Northbound – walk from St.Pauls through Islington to Highgate

It was an odd walk in a way, but one that has stayed with me over the Christmas period since. There was just the desire to walk – to be out. I knew where I didn’t fancy and with only around 3 hours of daylight I wanted options for walking in the dark. The pivotal moment was at the ticket barriers – east or west.

Roman Wall City of London

I alighted at St.Pauls and let old instincts guide me. A look at the Roman London Wall in Noble Street, the on to Golden Lane Estate where there was a recent protest against the redevelopment of former Police accommodation into a block of luxury flats.

Golden Lane development

Up Goswell Road and across Northampton Square, one variation on my daily walk home from work at the South Bank when I lived up at the Angel, and also our route to Ironmonger Row Baths. Andrew Kötting’s expression ‘the noise of memory’ came to mind, when there is so much memory attached to an area that it almost becomes overwhelming. This territory on the slopes of Islington and Finsbury is like that for me, the sound intensifying as I made my way up Chapel Market, the Christmas tree seller having a furious argument down the phone kicking empty boxes. There’s a For Let sign above the iconic Manze’s pie and mash shop, the one featured in The London Nobody Knows, let’s hope I don’t add to the ‘Dead Pie Shop Trail’*.

Manze's Pie and Mash Chapel Market

On through Barnsbury to Holloway Road as the sun starts hitting the glorious Holloway Odeon. I sorely tempted to give up the ghost and while away an hour or two in the Coronet – a beautiful old cinema converted into a Wetherspoons. Something keeps me plodding on towards the Northern Heights, an image I’d conjured in my head at the beginning of the walk of ending up in Highgate.

Coronet Holloway Road

Faced with the Archway Tavern I think of Nick Hornby’s novel High Fidelity that I first read some 20 years ago when music played a far bigger part in my life than it does today and I would routinely pass a happy hour thumbing through racks of vinyl on dusty old record shops. At the time I felt the Archway Tavern must have been the pub/venue in the book where the record shop staff watch bands. The shop, Championship Vinyl, is located in on Seven Sisters Road (so is the Harry Lauder actually the World’s End instead?). There’s a secondhand book stall in front of the old Archway Tavern and sure enough they have a slightly battered copy of High Fidelity that I pick up for £2.50 and have been reading over Christmas. It’s funny how the book has aged in that time.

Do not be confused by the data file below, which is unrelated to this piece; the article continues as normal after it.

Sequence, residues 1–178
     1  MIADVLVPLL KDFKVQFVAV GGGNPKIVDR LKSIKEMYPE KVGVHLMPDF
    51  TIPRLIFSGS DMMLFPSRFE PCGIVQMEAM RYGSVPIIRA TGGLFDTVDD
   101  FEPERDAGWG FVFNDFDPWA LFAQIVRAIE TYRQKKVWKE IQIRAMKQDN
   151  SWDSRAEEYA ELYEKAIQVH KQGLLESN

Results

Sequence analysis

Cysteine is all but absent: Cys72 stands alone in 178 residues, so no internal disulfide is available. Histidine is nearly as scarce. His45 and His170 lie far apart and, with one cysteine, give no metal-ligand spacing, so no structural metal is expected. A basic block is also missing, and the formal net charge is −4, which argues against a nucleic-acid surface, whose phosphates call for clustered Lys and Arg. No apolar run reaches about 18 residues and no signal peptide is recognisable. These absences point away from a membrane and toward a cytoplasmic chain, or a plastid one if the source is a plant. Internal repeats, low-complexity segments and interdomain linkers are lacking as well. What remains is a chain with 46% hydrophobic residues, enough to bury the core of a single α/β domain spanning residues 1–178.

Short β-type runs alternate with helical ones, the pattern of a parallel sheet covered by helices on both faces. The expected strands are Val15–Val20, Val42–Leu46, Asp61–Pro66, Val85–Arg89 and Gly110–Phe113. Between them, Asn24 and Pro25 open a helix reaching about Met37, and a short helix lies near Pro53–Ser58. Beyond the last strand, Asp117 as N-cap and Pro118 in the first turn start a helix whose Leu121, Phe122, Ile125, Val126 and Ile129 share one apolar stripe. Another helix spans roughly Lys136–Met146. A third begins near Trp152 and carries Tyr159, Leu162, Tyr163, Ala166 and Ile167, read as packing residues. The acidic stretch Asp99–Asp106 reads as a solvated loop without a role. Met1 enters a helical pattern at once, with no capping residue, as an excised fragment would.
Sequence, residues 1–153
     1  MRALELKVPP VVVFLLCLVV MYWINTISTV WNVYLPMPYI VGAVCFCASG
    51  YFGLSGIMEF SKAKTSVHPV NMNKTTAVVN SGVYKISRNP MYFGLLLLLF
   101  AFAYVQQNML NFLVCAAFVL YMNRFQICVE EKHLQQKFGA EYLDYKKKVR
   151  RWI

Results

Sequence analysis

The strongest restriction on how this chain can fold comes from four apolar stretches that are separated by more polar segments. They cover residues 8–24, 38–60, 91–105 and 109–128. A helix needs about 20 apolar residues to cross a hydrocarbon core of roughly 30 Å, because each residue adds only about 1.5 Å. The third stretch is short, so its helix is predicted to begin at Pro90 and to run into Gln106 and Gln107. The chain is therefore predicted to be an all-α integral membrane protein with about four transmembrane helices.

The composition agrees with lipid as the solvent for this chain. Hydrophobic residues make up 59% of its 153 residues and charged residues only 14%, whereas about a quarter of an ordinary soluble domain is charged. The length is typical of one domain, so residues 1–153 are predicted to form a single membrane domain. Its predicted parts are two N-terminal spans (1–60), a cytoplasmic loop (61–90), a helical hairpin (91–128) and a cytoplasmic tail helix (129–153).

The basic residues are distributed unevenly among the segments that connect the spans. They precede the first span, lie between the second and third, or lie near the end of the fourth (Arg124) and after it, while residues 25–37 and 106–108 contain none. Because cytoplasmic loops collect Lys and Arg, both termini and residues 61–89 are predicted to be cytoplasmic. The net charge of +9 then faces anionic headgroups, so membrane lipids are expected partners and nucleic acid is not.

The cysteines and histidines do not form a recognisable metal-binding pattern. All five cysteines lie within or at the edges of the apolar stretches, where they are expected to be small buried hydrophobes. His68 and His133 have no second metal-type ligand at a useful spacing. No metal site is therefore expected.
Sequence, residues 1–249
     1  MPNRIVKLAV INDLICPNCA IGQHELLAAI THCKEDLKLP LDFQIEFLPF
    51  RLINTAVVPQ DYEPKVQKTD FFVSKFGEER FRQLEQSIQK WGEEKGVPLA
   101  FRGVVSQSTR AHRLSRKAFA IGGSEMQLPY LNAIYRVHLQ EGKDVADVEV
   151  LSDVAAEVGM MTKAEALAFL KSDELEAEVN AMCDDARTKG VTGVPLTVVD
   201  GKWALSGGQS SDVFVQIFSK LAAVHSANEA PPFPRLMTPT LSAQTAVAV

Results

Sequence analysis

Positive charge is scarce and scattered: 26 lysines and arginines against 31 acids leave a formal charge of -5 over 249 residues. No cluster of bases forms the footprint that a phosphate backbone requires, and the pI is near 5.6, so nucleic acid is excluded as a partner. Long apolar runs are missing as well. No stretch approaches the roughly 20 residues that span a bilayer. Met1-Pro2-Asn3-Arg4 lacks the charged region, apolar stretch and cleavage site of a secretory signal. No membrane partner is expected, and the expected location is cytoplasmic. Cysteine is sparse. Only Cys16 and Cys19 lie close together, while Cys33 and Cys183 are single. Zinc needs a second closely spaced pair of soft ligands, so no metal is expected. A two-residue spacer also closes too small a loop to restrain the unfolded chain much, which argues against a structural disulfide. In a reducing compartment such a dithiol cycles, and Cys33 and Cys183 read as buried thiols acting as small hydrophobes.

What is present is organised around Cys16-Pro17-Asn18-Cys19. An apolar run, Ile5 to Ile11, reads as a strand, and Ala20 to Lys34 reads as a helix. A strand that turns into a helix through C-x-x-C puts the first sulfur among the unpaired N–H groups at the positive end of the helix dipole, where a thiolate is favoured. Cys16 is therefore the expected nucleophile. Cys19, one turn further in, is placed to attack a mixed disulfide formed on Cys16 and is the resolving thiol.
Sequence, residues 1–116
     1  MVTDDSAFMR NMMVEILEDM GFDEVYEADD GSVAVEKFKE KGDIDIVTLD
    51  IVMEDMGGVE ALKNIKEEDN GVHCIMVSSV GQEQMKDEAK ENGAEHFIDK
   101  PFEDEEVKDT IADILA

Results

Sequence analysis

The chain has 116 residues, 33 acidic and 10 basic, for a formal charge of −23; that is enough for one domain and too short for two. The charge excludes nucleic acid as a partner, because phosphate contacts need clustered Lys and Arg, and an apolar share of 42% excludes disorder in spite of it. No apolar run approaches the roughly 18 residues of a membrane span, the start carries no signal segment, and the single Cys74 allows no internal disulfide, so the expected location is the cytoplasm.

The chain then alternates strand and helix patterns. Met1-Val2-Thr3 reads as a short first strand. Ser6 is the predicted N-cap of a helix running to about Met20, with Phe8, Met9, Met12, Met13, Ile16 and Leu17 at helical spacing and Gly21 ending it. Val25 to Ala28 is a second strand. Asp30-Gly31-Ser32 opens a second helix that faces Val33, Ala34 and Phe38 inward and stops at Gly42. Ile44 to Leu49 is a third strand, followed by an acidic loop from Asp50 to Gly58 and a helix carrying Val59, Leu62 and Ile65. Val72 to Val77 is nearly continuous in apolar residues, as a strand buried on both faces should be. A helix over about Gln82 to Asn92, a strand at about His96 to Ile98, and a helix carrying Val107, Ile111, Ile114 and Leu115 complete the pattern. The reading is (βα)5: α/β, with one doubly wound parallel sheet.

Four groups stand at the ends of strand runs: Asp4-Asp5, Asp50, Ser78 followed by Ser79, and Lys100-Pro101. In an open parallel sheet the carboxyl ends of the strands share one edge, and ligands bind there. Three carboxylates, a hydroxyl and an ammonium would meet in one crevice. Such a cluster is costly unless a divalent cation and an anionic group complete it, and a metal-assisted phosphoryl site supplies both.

Gatehouse Highgate

Highgate Village was every bit as festive as hoped with chains of Christmas lights looped across the High Street. I make for the Gatehouse, an old coaching inn with a resident ghost. I tell the young barman about the spectral guest that haunts the pub and he fixes me with a look of disbelief. ‘It’s true’, I say, ‘look out for it when you’re locking up later.’


– – – – – – – – – – – –

* this was an essay I wrote for Jake Green’s photobook documenting the surviving Pie and Mash shops in London. My essay was a walk linking sites of several former Pie and Mash shops. There are copies of the book in each of the remaining Pie and Mash Shops in London. Get yourself a double pie and mash and settle down with a copy.

Holloway Old Fire Station

This was the venue for last night’s screening of Make Your Own Damn Art – the Old Fire Station in Mayton Street, Holloway, now the home of the brilliant Rowan Arts.

As I was sat at the front of the room during the Q&A I noticed a hatch at the top of the wall near the ceiling then cast my eyes across to a ladder running down the wall and realised that where we sat chatting about Bob’s art and my film was where firemen would have slid down a pole and raced off to battle blazes across Islington.


The Holloway Comedians

I found this picture some time ago, and it is only after watching the superb adaptation of The Diary of a Nobody on BBC4 that I now realise that these chaps are in fact The Holloway Comedians mentioned in the book.

It is wrongly believed that ‘The Diary of a Nobody’ is a fictitious book. It is in fact, well, fact. George and Weedon Grossmith lived in Islington. The topographical detail of the book tells us that they had an intimate knowledge of the area. The diary was a double-bluff, made out to be fictitious in order to be publishable – confessional literature was not yet in vogue (that changed after the publication of WNP Barbellion’s ‘Journal of a Disappointed Man’ in 1919).

The discovery of this photo in Camden Passage, Islington next to some very old dancing shoes I think confirms it’s authenticity. The toothless old drunk who sold it to me confirmed that it had indeed come from a skip outside the Pooter/Grossmith household of ‘The Laurels’, Brickfield Street, Holloway. She elucidated further that the rather camp looking gentleman with a wistful look on his face, second from the right, is in fact the Pooter’s son ‘Lupin’ who apparently remained an active member of The Holloway Comedians until a ripe old age.

As to the location of the photo she was not sure, and to be honest, the way she waved her empty pint pot around in front of me made me think she was after another pint before she made something up (she had craftily set up her pitch outside The Camden’s Head). Personally, I think it could be the hall at Islington Central Library on Holloway Road. But if anyone out there recognises the venue I’d be most grateful if they could leave a comment. I’d also be keen to discover more about the play that The Comedians are promoting ‘Give Me A Kiss’. Maybe I could stage a long-overdue revival. Although I have never been a member of The Holloway Comedians, I have been a comedian in Holloway.